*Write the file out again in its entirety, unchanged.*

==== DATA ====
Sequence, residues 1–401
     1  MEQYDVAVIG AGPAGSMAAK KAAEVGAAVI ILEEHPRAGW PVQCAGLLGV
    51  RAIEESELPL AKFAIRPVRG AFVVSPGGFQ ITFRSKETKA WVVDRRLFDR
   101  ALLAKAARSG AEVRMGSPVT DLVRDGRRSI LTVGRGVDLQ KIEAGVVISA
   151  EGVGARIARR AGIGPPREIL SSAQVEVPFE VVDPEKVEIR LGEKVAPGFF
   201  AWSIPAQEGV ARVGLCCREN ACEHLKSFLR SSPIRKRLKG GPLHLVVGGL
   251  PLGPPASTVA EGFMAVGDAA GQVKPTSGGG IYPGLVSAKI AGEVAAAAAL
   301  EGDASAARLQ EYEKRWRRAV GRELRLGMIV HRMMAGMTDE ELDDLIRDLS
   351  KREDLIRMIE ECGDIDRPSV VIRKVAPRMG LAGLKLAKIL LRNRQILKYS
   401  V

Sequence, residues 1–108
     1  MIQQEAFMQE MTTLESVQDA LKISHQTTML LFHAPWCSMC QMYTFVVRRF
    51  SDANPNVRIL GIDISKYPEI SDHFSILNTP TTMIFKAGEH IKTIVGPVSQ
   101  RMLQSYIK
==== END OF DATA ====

Sequence, residues 1–401
     1  MEQYDVAVIG AGPAGSMAAK KAAEVGAAVI ILEEHPRAGW PVQCAGLLGV
    51  RAIEESELPL AKFAIRPVRG AFVVSPGGFQ ITFRSKETKA WVVDRRLFDR
   101  ALLAKAARSG AEVRMGSPVT DLVRDGRRSI LTVGRGVDLQ KIEAGVVISA
   151  EGVGARIARR AGIGPPREIL SSAQVEVPFE VVDPEKVEIR LGEKVAPGFF
   201  AWSIPAQEGV ARVGLCCREN ACEHLKSFLR SSPIRKRLKG GPLHLVVGGL
   251  PLGPPASTVA EGFMAVGDAA GQVKPTSGGG IYPGLVSAKI AGEVAAAAAL
   301  EGDASAARLQ EYEKRWRRAV GRELRLGMIV HRMMAGMTDE ELDDLIRDLS
   351  KREDLIRMIE ECGDIDRPSV VIRKVAPRMG LAGLKLAKIL LRNRQILKYS
   401  V

Sequence, residues 1–108
     1  MIQQEAFMQE MTTLESVQDA LKISHQTTML LFHAPWCSMC QMYTFVVRRF
    51  SDANPNVRIL GIDISKYPEI SDHFSILNTP TTMIFKAGEH IKTIVGPVSQ
   101  RMLQSYIK